Kentucky Board of Education hosts student showcase of defenses of learning

Meeting notice graphic featuring the Kentucky Department of Education and United We Learn logos

News Release

Media Contact: Jennifer Ginn

Director of Communications

Office: (502) 564-2000, ext. 4601

Advisory 24-153


June 6, 2024

Navaeh Acklin talking in a board room with her presentation showing on a screen behind her.

Naveah Acklin, a senior at Shelby County High School, presents her defense of learning and talks about how her experience in athletics will help her become a lifelong learner in the spirit of the school’s Portrait of a Graduate. She was one of several students who presented to members of the Kentucky Board of Education during its June 5 meeting. Photo by Joe Ragusa, Kentucky Department of Education, June 5, 2024

Kentucky Board of Education hosts student showcase of defenses of learning

(FRANKFORT, KY) – The Kentucky Board of Education (KBE) and the Kentucky Department of Education (KDE) Office of Continuous Improvement and Support hosted a showcase of student defenses of learning during the KBE regular meeting on June 5-6.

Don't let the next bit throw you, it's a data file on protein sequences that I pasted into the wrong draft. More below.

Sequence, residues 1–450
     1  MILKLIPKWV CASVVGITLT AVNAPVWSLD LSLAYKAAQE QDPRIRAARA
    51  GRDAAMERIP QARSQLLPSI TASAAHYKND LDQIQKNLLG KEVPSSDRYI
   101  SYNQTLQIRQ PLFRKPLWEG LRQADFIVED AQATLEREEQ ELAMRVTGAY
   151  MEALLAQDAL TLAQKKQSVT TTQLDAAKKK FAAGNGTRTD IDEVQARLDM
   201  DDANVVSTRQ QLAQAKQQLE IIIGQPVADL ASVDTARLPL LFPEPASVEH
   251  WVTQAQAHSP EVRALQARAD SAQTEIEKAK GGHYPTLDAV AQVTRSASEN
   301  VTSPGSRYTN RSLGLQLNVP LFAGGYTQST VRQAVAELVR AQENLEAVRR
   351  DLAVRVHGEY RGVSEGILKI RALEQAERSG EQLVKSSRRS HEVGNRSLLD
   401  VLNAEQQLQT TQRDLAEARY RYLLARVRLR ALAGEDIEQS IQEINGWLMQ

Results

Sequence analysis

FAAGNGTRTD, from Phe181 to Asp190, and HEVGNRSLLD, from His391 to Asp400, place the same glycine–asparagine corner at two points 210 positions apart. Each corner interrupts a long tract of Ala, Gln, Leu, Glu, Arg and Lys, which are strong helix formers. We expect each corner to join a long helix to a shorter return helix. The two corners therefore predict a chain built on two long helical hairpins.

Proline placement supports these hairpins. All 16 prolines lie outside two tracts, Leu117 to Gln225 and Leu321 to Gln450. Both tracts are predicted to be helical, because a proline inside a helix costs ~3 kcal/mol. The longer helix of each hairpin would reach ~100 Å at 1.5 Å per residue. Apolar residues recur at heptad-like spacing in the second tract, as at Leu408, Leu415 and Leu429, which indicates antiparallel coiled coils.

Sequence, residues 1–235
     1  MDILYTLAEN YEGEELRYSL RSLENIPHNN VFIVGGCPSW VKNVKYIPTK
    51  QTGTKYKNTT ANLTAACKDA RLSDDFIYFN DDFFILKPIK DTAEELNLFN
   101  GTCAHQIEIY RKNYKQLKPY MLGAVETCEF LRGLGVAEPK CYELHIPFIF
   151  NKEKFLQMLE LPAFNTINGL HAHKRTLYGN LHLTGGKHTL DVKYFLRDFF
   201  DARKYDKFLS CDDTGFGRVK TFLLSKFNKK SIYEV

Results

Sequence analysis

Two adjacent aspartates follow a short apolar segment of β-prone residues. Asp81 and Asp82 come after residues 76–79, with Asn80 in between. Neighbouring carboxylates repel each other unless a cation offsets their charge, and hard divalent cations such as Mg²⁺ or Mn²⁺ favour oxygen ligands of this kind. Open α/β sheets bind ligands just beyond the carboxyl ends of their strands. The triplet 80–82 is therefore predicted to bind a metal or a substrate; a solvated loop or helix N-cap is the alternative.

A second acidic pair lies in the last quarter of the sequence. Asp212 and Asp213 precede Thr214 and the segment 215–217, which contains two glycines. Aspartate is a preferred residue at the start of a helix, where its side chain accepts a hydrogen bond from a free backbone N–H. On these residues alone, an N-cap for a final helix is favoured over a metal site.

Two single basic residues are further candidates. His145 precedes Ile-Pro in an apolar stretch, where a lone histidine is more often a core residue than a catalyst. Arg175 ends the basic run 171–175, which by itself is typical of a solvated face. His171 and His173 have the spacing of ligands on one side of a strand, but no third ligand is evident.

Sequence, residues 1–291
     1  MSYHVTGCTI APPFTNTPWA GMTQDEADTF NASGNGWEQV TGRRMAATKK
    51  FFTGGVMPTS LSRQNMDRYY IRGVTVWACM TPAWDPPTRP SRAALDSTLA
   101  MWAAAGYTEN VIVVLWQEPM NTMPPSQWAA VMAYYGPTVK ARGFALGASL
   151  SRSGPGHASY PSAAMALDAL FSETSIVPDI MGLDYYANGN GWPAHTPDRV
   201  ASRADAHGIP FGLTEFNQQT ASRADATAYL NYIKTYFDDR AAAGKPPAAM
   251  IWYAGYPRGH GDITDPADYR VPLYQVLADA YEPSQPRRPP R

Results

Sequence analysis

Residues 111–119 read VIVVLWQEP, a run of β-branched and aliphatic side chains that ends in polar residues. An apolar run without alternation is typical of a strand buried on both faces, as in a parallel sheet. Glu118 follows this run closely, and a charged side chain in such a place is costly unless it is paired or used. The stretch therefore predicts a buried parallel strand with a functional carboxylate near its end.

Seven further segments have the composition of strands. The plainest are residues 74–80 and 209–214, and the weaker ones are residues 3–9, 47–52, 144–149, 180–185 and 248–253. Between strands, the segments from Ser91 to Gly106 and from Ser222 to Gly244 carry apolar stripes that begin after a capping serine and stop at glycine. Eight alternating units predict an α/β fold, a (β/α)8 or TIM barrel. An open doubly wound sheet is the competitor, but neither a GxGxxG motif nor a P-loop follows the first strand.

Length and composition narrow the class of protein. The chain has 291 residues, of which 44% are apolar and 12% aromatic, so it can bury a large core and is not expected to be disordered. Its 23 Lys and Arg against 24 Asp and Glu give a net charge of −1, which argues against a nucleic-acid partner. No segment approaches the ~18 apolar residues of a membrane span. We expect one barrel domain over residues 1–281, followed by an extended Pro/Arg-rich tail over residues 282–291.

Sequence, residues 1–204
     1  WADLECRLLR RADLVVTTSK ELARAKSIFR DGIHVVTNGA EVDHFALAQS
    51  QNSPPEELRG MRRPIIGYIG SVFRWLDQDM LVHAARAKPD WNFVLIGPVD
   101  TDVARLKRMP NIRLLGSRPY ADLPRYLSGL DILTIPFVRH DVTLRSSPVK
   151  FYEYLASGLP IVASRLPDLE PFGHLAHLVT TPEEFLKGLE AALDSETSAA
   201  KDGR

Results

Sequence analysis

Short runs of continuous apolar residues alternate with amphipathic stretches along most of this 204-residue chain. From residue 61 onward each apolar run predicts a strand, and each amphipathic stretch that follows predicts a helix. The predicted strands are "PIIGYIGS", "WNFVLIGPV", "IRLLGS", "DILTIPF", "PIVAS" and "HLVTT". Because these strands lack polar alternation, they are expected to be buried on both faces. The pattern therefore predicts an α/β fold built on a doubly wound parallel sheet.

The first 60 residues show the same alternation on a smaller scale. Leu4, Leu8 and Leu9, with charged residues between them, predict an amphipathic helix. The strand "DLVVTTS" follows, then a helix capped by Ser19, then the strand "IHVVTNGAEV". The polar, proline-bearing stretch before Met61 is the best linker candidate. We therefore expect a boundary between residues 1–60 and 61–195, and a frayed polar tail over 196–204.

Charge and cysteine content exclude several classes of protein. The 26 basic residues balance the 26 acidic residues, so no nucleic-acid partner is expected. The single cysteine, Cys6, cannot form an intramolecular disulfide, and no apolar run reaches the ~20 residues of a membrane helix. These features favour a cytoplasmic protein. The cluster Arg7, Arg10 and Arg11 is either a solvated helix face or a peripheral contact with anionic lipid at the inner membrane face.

Student defenses mimic real-life situations – such as work presentations – and provide an authentic deadline and audience. Typically, students discuss several aspects of their education, ranging from details about their lives to what they’ve accomplished in school. The presentations are centered around competencies, which are skills and other qualities the districts and their communities determine are important for graduates to have, presented in a way that’s modeled after the Kentucky Portrait of a Learner.

Students from 5th grade, 8th grade and 12th grade in the Shelby County school district and 5th-grade students from William Wells Brown Elementary (Fayette County) participated in the showcase, where students shared a portfolio or project and reflected on how they achieved their intended learning outcomes.

Ebony Hutchinson, principal of William Wells Brown Elementary, said her school started doing defenses of learning presentations last year.

“The students are able to reflect on their learning, their growth and ability to apply academics taught in the classroom to their everyday life and beyond. It's important for us to emphasize the students’ deep understanding and ownership of their learning,” said Hutchinson. “Through the defense of learning, students are able to showcase themselves as (being) more than a score, while reflecting on what they've learned and their growth through the process. The process of a formal presentation and project development will last with them far beyond William Wells Brown."